Friday, August 02, 2002

A RADIO PRIMER: We tend to harp on about Clear Channel on these pages a lot, and some of you might wonder why someone sat comfortably in England, gorging his ears on the BBC, gives a shit about this all - or indeed spends as much time worrying about the RIAA rather than the local BPI. Several reasons, not least of which is I know dozens of Americans who deserve better. Then, of course, there's the way America dominates recorded entertainment so much that the fallout from battles in the US invariably settles on the UK. Finally, if I swivel this seat round, I can see Liverpool Empire, which is owned by Clear Channel and one of the company's toes in the water in the UK (they also own Adshel, the bus shelter people) - and with the shake-up in British media that's going to come with the launch of OfCom, it's likely that they'll own more and more swathes of British media.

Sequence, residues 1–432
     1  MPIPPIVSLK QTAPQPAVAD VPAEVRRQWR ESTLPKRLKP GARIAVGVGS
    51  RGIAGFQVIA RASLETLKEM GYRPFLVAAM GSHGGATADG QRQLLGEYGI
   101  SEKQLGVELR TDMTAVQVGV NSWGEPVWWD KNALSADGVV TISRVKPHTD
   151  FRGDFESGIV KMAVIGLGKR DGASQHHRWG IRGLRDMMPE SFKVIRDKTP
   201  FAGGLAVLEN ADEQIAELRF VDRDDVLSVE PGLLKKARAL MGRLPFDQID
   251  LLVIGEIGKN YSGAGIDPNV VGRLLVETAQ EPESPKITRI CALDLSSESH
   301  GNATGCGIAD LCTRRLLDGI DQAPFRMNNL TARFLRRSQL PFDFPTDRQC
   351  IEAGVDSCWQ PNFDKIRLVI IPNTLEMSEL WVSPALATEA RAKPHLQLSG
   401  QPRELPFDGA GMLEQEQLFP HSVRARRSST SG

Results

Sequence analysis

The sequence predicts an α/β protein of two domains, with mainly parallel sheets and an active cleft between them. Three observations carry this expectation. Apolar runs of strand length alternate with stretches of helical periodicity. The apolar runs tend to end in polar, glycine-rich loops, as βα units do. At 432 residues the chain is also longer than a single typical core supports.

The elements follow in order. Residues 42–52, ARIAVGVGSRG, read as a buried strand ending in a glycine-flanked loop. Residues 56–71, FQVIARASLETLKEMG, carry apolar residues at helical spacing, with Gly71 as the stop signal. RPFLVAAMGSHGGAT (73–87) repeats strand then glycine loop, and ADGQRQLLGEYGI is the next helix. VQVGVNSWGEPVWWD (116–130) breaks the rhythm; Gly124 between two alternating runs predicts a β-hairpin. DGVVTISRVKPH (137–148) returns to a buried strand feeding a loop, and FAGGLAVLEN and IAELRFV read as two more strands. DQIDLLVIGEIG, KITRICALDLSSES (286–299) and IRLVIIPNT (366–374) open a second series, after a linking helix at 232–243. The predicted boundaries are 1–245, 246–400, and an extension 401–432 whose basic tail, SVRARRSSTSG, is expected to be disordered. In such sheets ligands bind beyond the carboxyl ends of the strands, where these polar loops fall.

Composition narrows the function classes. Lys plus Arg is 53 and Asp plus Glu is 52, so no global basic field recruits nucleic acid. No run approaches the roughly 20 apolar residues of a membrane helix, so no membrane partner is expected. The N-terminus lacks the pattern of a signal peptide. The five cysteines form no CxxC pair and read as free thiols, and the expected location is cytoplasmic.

See, the new regulatory body for British Media is going to replace all the current bodies like the Broadcasting Standards Commission and the Radio Authority. The appointment of Lord Currie to head up the office shows the way the system is going to work in the future. He's an economist with no background in programme making, so it's unlikely that Ofcom will be as quick to adjudicate on small details of content as they will be on issues of ownership. Now, this means that there's a prospect of a lighter touch over what's said and shown on air - a good thing, from an artistic point of view - but that very leniency may prove to be the thing that ruins radio. Economically, see, allowing Clear Channel to take control of the bigger part of commercial radio in any or many cities makes sense, even if culturally it could be a disaster. And what do you think an economist is going to put first?
Anyway, if you want to fret about a future where you start to wish DLT was still around, there's a couple of excellent primers - first, salon.com has collated all its stuff on Clear into a separate section; then, if you're hungry for more, you can mull the implications of the Communications Bill in seven shades of depth at the Guardian site


No comments:

Post a Comment

As a general rule, posts will only be deleted if they reek of spam.

Post a Comment